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An Answer, Of Sorts, Quick and Dirty

Posted Jun 01 2010 12:00am

A woman I have had the pleasure of getting to know over the last year or two via the internet commented on my recent post, " T'Ings ," and I thought I would take a moment to try and respond. I was going to c & p her comment here, but since it is long I am going to direct you to that post and read the comment by Zora. (I just don't want to scare people away from reading long posts because I know how that can go.)

First I want to thank Zora for taking the time to write. I also want to make it clear from the get-go that I am NOT an expert and I am learning as I go. That is probably obvious, but I just want to cover my ass. What I like (and don't like) so much about this inclusion leadership training series I am doing is that while we all know there needs to be a change, we don't yet know the answers. I want to be clear from the get-up-and-go that I do not blame teachers (general ed. or sp.ed.) as a rule. Yes, there are some teachers who are better than others, some who are amazing, and some who are downright lousy, but I think that is generally the rule in any profession.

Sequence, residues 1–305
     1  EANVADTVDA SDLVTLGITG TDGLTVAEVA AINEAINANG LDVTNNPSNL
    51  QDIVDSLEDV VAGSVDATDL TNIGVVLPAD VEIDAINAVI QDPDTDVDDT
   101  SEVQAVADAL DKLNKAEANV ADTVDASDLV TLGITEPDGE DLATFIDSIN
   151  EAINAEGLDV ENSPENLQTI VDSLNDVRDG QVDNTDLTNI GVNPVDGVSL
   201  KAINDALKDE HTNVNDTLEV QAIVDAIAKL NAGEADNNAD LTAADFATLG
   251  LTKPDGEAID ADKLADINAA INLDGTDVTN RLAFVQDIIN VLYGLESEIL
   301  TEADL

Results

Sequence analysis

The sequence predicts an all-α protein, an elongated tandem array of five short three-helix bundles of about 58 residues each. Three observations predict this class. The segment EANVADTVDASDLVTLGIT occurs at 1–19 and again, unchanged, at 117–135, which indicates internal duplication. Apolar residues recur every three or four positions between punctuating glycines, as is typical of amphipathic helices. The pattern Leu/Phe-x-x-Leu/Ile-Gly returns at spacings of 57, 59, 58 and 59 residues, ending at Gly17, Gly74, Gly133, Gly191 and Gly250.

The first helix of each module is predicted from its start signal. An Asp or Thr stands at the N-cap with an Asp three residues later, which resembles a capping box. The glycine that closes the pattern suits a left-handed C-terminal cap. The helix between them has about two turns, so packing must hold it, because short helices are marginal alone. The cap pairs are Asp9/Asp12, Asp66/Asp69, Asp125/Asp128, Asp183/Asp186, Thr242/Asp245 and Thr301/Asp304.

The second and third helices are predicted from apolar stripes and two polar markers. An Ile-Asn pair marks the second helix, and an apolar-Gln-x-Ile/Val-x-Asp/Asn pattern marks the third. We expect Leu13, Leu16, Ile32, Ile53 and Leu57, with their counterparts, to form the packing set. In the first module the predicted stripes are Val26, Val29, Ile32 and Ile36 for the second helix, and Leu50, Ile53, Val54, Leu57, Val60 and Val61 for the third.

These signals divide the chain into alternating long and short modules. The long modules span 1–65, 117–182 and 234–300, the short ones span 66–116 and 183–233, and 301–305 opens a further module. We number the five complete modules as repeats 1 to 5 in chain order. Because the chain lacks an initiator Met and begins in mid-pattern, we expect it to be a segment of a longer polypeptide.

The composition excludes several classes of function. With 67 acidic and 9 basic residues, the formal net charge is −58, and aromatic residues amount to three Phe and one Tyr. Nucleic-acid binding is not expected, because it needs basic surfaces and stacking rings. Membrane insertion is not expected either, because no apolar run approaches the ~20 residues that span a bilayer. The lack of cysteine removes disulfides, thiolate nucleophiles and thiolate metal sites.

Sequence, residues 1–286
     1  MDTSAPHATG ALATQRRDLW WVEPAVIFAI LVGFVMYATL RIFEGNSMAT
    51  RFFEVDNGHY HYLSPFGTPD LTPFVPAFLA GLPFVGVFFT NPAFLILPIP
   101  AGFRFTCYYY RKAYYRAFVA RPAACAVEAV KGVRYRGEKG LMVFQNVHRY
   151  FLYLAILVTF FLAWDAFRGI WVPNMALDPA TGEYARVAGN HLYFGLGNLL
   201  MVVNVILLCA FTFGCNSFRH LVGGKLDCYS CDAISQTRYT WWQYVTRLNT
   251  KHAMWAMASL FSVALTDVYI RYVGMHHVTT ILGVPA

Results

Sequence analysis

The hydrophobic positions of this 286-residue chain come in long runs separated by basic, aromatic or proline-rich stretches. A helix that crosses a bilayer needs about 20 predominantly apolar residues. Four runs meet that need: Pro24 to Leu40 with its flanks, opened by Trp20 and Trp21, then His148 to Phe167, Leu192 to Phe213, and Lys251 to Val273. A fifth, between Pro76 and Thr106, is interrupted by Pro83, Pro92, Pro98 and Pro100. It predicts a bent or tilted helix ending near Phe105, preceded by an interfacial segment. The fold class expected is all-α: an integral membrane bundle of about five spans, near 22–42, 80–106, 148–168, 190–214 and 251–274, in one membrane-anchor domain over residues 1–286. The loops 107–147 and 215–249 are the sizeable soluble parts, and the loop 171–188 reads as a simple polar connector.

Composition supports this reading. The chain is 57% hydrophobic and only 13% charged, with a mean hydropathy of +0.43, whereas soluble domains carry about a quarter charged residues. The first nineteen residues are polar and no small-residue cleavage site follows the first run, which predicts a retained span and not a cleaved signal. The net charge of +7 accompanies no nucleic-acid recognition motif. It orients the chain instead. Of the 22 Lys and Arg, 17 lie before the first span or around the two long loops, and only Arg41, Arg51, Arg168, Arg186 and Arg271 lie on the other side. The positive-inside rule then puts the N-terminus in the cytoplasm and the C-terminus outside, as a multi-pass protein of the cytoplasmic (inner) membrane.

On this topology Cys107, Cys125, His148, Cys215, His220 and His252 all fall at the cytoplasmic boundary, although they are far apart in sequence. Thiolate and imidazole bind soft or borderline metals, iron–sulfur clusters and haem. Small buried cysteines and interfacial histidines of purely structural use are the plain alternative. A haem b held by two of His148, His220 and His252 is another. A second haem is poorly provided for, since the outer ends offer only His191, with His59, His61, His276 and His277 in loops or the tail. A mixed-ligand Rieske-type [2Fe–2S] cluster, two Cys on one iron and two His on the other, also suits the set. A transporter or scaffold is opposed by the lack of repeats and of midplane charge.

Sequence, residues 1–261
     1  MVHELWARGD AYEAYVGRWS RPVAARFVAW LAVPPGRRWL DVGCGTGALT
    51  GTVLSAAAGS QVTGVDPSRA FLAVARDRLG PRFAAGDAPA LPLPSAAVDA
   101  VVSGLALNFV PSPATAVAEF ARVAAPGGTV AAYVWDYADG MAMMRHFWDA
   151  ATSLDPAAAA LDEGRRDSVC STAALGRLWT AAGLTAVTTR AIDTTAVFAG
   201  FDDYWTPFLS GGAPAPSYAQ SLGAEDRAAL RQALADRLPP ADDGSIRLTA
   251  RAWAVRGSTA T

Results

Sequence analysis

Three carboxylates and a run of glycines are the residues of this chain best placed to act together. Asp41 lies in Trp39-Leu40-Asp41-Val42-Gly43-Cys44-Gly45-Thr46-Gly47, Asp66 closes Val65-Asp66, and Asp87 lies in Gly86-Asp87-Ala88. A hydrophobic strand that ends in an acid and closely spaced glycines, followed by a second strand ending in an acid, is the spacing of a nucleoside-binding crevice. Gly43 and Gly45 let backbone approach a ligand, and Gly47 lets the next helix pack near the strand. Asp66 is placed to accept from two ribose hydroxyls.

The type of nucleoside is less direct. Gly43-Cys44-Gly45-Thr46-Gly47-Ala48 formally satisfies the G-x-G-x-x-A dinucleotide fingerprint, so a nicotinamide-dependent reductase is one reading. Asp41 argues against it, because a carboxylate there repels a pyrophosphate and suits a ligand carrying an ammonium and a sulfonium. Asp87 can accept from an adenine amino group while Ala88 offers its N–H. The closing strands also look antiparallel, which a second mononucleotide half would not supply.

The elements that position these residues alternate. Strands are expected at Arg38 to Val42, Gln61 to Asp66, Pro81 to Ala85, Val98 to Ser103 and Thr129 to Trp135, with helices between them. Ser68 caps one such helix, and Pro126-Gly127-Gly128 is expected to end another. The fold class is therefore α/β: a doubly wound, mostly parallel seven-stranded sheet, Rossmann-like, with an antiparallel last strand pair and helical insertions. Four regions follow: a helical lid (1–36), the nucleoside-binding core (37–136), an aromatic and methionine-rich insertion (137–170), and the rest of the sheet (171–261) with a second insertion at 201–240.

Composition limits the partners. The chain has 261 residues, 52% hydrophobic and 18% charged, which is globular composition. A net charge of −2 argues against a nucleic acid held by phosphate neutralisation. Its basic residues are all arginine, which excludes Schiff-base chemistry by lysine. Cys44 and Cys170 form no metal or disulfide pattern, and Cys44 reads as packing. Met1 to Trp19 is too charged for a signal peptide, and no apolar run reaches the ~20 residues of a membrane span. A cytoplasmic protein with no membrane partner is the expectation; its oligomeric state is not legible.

I HAVE to believe, for my own peace of mind, in order to function in this world at all, that teachers, generally, want to be good at what they do. There's burnout, there's frustration, there's lack of education in certain areas, but I don't think anyone gets into teaching because they want to make it rich, or because they want the fame that goes with it! There are plenty of reasons to want to be a teacher, I've no doubt, I just don't think those two are on the top of the list. (Although, in my experience, there are teachers I have had growing up that while not famous, are certainly infamous!)